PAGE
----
A Portadown woman has said she has never given up hope of justice for her murdered husband, who was brutally shot dead 42 years ago.
But as new evidence has emerged that may connect the killings of Margaret Thompson’s husband and his two friends with the atrocities at Kingsmills and Darkley Church, the mother-of-three admits she cannot help but feel cynical that the link may not result in anyone being charged.
Gerald Thompson (34), an electrician, was gunned down in a hail of IRA bullets, along with UDR Sergeant and butcher Alfie Doyle (28) and John Presha (30) who worked for the electric board, just after they had crossed the border near Newry. The three friends were on their way back from Cork, where they had achieved success at a dog show.
Two ‘first prize’ tickets, each with a bullet hole, were found among their luggage.
Gerald and Alfie were from the Killicomaine area, and John hailed from Lisburn.
Said Margaret, who is also a grandmother of three, “One piece of recent evidence suggests that the same Armalite was used in the Kingsmills massacre and the Darkley Church killings, but the bottom line is that nobody has been charged, and that is what we all want.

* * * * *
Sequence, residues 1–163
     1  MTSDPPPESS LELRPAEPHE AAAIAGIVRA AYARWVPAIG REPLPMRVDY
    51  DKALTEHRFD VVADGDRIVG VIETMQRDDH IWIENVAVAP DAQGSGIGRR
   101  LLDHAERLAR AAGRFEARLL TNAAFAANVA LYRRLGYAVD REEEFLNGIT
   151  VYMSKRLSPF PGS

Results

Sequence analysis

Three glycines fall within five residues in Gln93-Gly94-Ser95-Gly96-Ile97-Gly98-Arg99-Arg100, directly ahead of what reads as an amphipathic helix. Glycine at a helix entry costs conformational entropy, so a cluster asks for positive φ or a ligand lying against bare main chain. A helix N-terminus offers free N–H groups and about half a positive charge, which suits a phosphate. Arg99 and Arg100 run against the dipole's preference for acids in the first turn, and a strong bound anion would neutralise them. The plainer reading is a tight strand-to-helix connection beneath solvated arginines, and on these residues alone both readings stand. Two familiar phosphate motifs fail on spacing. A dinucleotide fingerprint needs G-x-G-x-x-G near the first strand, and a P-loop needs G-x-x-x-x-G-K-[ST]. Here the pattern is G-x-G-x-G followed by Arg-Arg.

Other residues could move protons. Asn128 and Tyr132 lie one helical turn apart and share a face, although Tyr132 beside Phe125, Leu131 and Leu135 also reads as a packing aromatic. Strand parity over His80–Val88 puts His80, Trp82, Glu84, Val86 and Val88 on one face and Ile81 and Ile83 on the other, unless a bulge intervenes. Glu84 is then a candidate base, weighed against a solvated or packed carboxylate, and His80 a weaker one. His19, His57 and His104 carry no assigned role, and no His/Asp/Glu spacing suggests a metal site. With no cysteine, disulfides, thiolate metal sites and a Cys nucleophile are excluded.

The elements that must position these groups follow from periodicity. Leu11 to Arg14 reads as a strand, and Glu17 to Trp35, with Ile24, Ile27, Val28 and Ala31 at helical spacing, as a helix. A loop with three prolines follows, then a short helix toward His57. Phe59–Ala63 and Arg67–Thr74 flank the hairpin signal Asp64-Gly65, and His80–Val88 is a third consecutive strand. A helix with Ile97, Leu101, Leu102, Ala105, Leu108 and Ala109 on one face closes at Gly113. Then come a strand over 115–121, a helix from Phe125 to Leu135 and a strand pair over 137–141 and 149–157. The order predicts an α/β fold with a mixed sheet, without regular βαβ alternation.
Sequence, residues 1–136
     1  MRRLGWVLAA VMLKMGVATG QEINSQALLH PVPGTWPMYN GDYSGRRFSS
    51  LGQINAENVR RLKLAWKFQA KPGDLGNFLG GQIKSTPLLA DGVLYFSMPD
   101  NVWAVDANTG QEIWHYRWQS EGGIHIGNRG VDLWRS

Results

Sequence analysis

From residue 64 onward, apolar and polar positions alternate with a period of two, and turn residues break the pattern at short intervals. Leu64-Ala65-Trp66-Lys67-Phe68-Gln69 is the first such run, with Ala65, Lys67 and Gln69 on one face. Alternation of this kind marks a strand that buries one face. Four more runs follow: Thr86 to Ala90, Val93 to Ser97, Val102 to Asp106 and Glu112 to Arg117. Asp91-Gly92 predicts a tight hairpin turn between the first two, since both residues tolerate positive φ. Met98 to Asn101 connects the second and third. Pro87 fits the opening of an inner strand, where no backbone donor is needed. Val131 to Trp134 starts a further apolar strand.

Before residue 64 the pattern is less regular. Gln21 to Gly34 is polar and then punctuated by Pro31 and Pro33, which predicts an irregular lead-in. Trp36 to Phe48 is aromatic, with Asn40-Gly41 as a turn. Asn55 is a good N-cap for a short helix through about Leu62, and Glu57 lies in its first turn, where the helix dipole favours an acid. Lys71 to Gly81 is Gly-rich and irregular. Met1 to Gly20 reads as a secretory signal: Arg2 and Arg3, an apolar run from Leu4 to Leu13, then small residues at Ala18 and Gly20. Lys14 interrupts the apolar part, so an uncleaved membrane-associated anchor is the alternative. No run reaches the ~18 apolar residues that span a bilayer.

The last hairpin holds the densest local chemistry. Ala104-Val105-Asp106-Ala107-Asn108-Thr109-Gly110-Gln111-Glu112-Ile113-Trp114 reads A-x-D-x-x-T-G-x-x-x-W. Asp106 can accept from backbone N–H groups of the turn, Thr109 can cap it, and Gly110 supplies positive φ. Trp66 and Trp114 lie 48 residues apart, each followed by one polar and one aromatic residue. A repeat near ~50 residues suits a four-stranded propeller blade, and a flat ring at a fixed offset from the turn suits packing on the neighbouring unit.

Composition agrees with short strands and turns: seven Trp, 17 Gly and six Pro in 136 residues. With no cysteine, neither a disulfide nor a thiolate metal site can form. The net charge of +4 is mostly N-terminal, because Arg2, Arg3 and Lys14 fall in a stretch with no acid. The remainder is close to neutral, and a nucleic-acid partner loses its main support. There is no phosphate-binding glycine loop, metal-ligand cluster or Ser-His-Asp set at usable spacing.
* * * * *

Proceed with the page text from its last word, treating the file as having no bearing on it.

“I’m not one of these people who says that a line should be drawn under the Troubles – we’d love to see justice. But by the same token, after the triple murder, we had to get on with life.
“I had the responsibility of educating and rearing three children.
“I know I’ve been strong, and had to do things like learning to drive. We had such a close family bond with Gerald. We went so many places with him and the dogs, and won at Cruft’s. But that weekend in Cork was just too far away.
“We miss him terribly, but we simply had to get on with it – just like Alfie and John’s people. We’ve been through various stages of inquiries, with ombudsmen and HET among them. But the bottom line, in my opinion, is that they’ll never get the killers of Kingsmills (January 1976 when 10 perished) of Darkley (November 1983 when the murder of three elders was dramatically recorded on the church tapes), or of our three victims.”
But that doesn’t mean that Margaret has given up hopes of justice in the long run. “You hold onto the slight hopes that something will turn up, but you don’t let it spoil your life. I adore the children and grandchildren and they have been a tremendous support. I don’t think the pursuit of justice should ever end.
The security forces were swamped during the 1970s and 1980s with murder after murder, many of them multiple. On top of all that, they were the prime target of the IRA, with UDR man Alfie Doyle one of the victims.
“They were dreadful times,” said Margaret. “But our family pulled together and we came through it.”